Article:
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Quote:
Originally Posted by tingsern View Post
How does one recover from an accident of this nature involving P2 cards? Is there a need to send the P2 cards to a data recovery centre? P2 cards are solid state devices - no moving parts.
Errrr.... Seawater + solid state devices = disaster................ unless

1) You act very quickly
2) You know what you are doing

Seawater is horribly corrosive to pcb's

I AM curious Alan - You say that the recovery costs were very reasonable (I know how expensive this type of service can be) would it have been cheaper to purchase a waterproof/underwater housing for the camera than pay out for this recovery? (You would then have the housing to use on future nautical adventures !!)

Mark
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Old 07-24-2009, 10:04 AM   #4
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I would have to presume it was an accident. Somebody dropped the camera into the sea.
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Old 07-24-2009, 10:49 AM   #5
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I'm guessing it was fresh water. Salt water- I doubt you'd get ANYTHING back... though miracles do happen.
A cameraman friend lost a beta-cam to a freak ocean wave, managed to get it back, and had the remarkable presence of mind to immediately run across the spit and submerge it for some time in fresh lake-water.
After dis-assembly, careful drying of all the boards, and some patience from a tech, the camera was fine (though not the tape!) I imagine that would be what you're suggesting for a sea-dunked P2 card: lots of fresh water.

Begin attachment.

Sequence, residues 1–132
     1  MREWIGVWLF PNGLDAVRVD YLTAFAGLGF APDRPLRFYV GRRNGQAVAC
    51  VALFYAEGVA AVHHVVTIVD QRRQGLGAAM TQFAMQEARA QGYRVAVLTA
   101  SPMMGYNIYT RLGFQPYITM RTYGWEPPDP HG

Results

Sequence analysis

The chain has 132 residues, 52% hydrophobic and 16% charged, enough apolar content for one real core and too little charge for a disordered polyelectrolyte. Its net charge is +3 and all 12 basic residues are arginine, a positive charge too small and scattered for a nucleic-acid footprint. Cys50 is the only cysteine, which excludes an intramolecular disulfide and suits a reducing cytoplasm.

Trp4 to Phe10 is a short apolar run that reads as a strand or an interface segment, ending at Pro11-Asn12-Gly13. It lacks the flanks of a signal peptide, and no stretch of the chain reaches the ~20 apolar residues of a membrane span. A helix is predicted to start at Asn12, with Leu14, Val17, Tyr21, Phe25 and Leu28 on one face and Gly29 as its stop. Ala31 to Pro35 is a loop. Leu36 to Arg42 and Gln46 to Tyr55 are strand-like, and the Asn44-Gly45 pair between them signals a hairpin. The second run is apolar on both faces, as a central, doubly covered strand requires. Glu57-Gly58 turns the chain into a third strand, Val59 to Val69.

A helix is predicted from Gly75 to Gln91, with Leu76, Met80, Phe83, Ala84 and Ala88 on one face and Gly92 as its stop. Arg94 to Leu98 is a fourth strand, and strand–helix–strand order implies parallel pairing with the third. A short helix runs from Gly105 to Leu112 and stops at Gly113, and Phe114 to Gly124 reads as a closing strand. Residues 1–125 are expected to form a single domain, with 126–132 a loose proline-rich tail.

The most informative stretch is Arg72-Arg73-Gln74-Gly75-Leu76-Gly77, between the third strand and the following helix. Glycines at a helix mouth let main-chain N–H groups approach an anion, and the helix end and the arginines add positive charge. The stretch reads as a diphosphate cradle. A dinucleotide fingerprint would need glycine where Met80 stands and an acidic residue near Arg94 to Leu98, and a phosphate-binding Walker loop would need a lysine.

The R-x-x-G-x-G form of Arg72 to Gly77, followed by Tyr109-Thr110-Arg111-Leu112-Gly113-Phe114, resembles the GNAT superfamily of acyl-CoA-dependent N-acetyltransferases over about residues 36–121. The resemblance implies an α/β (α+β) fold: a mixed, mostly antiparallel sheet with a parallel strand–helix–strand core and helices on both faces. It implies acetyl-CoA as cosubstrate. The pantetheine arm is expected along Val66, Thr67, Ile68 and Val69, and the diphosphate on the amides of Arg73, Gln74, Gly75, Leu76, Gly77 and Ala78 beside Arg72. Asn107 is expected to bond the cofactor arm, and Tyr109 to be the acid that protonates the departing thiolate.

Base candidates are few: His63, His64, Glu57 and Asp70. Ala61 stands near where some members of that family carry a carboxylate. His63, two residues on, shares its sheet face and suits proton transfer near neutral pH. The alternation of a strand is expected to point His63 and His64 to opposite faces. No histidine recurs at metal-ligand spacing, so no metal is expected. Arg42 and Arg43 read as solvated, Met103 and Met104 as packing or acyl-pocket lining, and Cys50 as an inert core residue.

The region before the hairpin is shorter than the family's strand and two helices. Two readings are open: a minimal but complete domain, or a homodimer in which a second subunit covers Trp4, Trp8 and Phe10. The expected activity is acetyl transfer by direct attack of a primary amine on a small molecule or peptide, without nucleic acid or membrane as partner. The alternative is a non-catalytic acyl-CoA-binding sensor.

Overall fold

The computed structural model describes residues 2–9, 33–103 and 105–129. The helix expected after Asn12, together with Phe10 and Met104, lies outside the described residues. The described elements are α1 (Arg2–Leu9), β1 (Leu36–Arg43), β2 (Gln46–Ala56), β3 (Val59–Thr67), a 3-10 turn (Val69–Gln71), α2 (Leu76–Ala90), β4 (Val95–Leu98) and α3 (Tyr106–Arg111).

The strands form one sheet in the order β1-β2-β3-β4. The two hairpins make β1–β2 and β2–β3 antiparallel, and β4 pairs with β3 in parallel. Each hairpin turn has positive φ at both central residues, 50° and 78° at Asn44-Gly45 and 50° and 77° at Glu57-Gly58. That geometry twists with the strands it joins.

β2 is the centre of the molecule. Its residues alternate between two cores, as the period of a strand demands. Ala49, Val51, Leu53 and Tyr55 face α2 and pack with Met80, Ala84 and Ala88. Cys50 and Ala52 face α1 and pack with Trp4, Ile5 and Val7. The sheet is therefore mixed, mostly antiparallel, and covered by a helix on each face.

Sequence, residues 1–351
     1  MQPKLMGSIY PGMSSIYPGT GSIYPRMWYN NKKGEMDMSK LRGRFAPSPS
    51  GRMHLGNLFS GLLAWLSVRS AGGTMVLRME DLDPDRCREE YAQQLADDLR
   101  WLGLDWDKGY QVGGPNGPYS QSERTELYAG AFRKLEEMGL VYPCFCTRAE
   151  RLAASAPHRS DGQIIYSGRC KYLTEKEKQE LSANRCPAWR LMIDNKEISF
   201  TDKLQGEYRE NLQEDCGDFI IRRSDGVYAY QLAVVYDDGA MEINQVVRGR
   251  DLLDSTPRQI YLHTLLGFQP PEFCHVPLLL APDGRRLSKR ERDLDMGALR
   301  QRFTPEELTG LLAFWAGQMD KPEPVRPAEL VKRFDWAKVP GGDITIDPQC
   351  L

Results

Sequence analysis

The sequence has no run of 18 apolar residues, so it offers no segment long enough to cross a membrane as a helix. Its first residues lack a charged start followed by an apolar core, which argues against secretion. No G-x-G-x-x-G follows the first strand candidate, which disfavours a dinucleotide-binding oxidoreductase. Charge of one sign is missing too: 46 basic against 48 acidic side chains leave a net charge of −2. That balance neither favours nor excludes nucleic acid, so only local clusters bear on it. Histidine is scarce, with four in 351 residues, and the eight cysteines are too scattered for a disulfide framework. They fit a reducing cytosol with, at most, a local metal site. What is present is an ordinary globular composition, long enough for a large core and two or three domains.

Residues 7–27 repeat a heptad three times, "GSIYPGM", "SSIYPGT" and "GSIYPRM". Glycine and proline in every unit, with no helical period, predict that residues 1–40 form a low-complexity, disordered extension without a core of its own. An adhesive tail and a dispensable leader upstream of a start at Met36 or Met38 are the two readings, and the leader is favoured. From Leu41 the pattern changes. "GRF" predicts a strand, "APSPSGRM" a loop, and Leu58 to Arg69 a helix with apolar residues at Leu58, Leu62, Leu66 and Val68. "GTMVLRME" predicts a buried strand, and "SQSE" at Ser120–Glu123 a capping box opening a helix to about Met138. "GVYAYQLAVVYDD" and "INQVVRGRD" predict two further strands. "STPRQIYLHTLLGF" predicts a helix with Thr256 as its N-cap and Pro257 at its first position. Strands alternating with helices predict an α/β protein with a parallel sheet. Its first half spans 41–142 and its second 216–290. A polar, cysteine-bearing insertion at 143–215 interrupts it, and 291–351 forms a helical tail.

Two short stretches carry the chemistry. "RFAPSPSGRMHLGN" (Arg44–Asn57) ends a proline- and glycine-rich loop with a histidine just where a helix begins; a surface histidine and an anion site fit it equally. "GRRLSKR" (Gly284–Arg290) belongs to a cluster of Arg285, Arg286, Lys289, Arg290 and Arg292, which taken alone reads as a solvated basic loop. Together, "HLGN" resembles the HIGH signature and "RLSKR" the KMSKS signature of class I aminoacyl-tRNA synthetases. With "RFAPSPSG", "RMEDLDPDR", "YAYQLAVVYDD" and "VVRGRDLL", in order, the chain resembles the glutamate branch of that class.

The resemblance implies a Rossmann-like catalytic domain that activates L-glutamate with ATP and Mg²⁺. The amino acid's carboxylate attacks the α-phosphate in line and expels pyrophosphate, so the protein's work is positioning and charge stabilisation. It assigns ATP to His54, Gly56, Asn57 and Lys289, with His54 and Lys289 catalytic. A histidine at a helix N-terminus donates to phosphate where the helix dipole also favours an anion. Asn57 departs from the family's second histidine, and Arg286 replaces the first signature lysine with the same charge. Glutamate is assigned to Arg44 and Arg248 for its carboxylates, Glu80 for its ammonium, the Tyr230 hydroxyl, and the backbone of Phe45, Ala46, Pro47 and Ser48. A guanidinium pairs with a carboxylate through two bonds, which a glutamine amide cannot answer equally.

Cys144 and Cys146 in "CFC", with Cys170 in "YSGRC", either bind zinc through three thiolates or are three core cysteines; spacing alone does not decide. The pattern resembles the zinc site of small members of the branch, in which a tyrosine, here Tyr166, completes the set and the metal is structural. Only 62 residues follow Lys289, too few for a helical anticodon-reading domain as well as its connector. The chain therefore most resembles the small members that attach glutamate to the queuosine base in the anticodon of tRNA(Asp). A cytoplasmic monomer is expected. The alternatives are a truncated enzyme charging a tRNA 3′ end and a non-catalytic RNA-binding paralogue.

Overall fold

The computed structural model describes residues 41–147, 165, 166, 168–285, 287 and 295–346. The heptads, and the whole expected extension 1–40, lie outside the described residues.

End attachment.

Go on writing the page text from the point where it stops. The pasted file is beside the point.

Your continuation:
Takes a bit of courage though.
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Old 07-24-2009, 11:44 AM   #6
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Quote:
Originally Posted by rob stowell View Post
I imagine that would be what you're suggesting for a sea-dunked P2 card: lots of fresh water.
Takes a bit of courage though.
YUP - lots and lots of fresh (preferably purified water) - Takes a huge leap of faith though but on the basis that if your camera goes in the drink it's probably history anyway you may as well try it and save what you can. After a nice bath, open it up and then....... out with the hairdryers !!!
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Old 07-24-2009, 02:11 PM   #7
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That's a great story Alan, and a great result. Irrespective of how the accident happened, the fundamentals of your approach to recovery provide excellent, informative and invaluable advice to all of us. And none of us of course ever want to need to use it, but thanks anyway, because statistically, if it happened before, it can happen again.
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Old 07-24-2009, 02:59 PM   #8
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It is a nightmare nobody wants to see it happen. But, it will happen, one day, to one unfortunate soul. So - better be prepared with the knowledge of what to do than to panic and loose everything.

On DVINFO.NET, I posted a similar question - and some kind soul has made known to me this service -

http://www.drivesaversdatarecovery.c...very-services/

So - now you know - it can be done.
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Last edited by tingsern; 07-24-2009 at 03:08 PM.
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Old 07-24-2009, 03:31 PM   #9
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Or...... Get a waterproof housing !!!!!
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Old 07-24-2009, 03:33 PM   #10
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I am not certain if they make underwater housing for HPX172 video camera ....